EduProtocols: Get Ready to Change Your Life (Or At Least Your Classroom)

How much time do we spend teaching the task, and how much do we spend teaching the content? That’s the question Marlena Hebern and Jon Corippo asked themselves, which led to the development of a great set of teaching techniques they call EduProtocols. They compare the protocols to a picture frame– the picture can change continuously, but the frame stays the same. The authors have two books that include a total of 28 EduProtocols, with 16 in the first book and 12 in the second. Both books are available on Amazon and would make excellent additions to any school’s professional library.

What is an EduProtocol, Anyway? 

As you probably know, a protocol is a set of procedures or a way of doing a task so that no matter what the center is, the procedure stays the same. A great example of a protocol in education is a spelling test. The teacher says, “Time for this week’s spelling test,” and the students know to get out a piece of paper, number it one to whatever, and wait for the words to be called. (Please note, this blogger is NOT in favor of spelling tests, but it’s an example to which many of us can relate.) An EduProtocol is the same idea, but here’s the upshot: EduProtocols have the 21st-century skills of communication, collaboration, creativity, and critical thinking built-in. How cool is that?

A Few Examples of EduProtocols

This image reads, "Fast and Curious".

Fast and Curious: Great for teaching vocabulary or any set of facts that students need to know. Set up an online quiz using a platform such as Quizizz or Gimkit. Have students take the quiz. (Note: Quizizz is set to have students go through the questions one time. Gimkit is set for a specific amount of time, and the questions recycle until the time is up. For first attempts, if you use Gimkit, students will be able to self-check and get more attempts at a question.) After the first time through, the teacher looks at the data, decides what needs to be reinforced, and teaches a mini-lesson on the troublesome terms. Then, the teacher gives the quiz again. (Note: If Gimkit was used the first time, use Quizizz the second, as you want a one and done set of data for going forward.) This all takes 10, maybe 15 minutes. The next day, do the same thing again. The next day, do the same thing again. By the 4th day, if the whole class is at 90% or better on the final quiz, everyone gets an A and that 15 minutes of time is free to do something else on Friday. 

Why this is cool: So often we teach vocabulary or key facts in isolation or a one-time lesson. By using Fast and Curious, students get repeated exposure to the content, which helps move it into long-term memory. This protocol is designed to take 10-15 minutes of class time and then move on. What’s not to love? 

This is an image of a slide that reads, "Iron Chef" and has a picture of a chef hat, cutting board, and produce.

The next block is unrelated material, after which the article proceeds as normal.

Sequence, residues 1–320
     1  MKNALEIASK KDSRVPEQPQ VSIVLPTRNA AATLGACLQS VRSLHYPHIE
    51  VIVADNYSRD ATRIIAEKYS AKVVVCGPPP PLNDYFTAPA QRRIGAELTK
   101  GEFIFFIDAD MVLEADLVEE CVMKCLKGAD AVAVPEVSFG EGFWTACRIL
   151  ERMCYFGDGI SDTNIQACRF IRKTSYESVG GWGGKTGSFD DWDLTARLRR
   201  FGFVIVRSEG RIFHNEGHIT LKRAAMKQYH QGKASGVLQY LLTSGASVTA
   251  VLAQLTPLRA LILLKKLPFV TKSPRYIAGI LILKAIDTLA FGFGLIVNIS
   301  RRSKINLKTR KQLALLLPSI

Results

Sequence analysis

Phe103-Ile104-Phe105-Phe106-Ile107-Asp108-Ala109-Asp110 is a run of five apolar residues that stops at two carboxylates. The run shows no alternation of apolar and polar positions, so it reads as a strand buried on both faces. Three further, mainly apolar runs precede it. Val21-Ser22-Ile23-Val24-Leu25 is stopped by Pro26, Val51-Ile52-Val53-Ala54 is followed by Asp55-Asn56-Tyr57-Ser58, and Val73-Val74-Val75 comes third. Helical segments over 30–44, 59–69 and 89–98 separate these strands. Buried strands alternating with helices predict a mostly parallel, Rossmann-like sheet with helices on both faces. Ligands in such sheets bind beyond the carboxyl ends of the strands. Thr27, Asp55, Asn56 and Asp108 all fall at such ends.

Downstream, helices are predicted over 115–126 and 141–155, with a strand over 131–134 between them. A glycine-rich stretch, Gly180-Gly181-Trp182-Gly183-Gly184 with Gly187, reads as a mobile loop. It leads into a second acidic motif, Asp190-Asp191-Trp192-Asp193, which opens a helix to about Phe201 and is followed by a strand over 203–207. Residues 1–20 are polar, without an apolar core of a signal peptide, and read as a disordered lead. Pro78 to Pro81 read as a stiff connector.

Iron Chef: The Iron Chef EduProtocol fits with every content in a meaningful and useful way. The basics: Divide the class into groups of four. If you need one group of five or two groups of three, that’s fine. Create a Google slide deck, with five slides: one title slide and four slides with a different aspect of a central theme. For example, the title slide says, “Virginia.” The other four slides have some aspect of Virginia that the students need to know, such as “Virginia Economy,” “Virginia Government,” “Virginia Geography,” and  “Virginia Cities.” Just like in the Iron Chef cooking show, there is a secret ingredient. All of the Iron Chef slides have the same secret ingredient. For this slide deck, it might be, “Name a famous Virginian and how this person contributed to Virginia and/or US history.” The secret ingredient is to be finished last. The students are to build their slides in 10-15 minutes. Then, each group presents their slide deck. The teacher grades, while the students are presenting, which means no papers are taken home that night. 

Why this is cool: Collaboration (not cooperation which often means one student does all of the work) is built-in. Students are doing real-world research. The teacher gets to grade and gives immediate feedback.

These are only two of the 28 amazing EduProtocols that Hebern and Corippo have presented. To learn more, visit the EduProtocols website. The authors recommend starting with a low cognitive load and building-up and introducing protocols one-at-a-time. We want students to be familiar with the protocols, so when any teacher says, “We’re going to do an Iron Chef today,” the students will know what’s expected. They also say that these are designed to be fun; if the students are not having fun, you might be doing it wrong. Have some fun in your class today, and try an EduProtocol. It will Change. Your. Life. 

Authorship Information: 

Beth Elgert is an ITRT with New Kent County Public Schools. She has been in New Kent for three years and an ITRT for 14. When not ITRTing, she (Gram) can be found partnering with her husband (Bumpa) in chasing the two cutest human beings on the planet, grandsons Nick and Chris, who blessedly live 10 minutes from them.

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